If use_qt_param is True it is essential that the name of the handler is exactly what is configured in solrconfig.xml, including the leading slash if any. If use_qt_param is False (default), the leading and trailing slashes can be omitted.

If search_handler is not specified, pysolr will default to /select.

The handlers for MoreLikeThis, Update, Terms etc. all default to the values set in the solrconfig.xml SOLR ships with: mlt, update, terms etc. The specific methods of pysolr's Solr class (like more_like_this, suggest_terms etc.) allow for a kwarg handler to override that value. This includes the search method. Setting a handler in search explicitly overrides the search_handler setting (if any).

Custom Authentication

# Setup a Solr instance in a kerborized environment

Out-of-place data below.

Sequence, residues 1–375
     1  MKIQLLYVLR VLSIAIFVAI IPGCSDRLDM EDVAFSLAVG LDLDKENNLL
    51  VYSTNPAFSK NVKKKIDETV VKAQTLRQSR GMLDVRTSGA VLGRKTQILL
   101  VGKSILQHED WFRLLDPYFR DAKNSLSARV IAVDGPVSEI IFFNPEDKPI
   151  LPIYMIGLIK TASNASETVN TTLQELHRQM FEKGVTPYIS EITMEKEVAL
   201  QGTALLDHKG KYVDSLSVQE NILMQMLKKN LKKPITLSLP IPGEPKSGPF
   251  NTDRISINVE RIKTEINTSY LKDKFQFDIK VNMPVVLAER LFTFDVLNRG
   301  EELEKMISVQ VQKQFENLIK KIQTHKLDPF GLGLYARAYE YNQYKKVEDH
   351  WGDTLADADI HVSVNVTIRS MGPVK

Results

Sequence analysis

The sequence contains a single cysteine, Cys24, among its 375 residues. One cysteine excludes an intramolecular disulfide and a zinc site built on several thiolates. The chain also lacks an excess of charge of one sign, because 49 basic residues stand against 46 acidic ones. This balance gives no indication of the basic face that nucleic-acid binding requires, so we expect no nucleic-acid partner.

from requests_kerberos import HTTPKerberosAuth, OPTIONAL
kerberos_auth = HTTPKerberosAuth(mutual_authentication=OPTIONAL, sanitize_mutual_error_response=False)

solr = pysolr.Solr('http://localhost:8983/solr/', auth=kerberos_auth)
# Setup a CloudSolr instance in a kerborized environment
from requests_kerberos import HTTPKerberosAuth, OPTIONAL
kerberos_auth = HTTPKerberosAuth(mutual_authentication=OPTIONAL, sanitize_mutual_error_response=False)

zookeeper = pysolr.ZooKeeper("zkhost1:2181/solr, zkhost2:2181,...,zkhostN:2181")
solr = pysolr.SolrCloud(zookeeper, "collection", auth=kerberos_auth)

If your Solr servers run off https

# Setup a Solr instance in an https environment
solr = pysolr.Solr('http://localhost:8983/solr/', verify=path/to/cert.pem)
# Setup a CloudSolr instance in a kerborized environment

zookeeper = pysolr.ZooKeeper("zkhost1:2181/solr, zkhost2:2181,...,zkhostN:2181")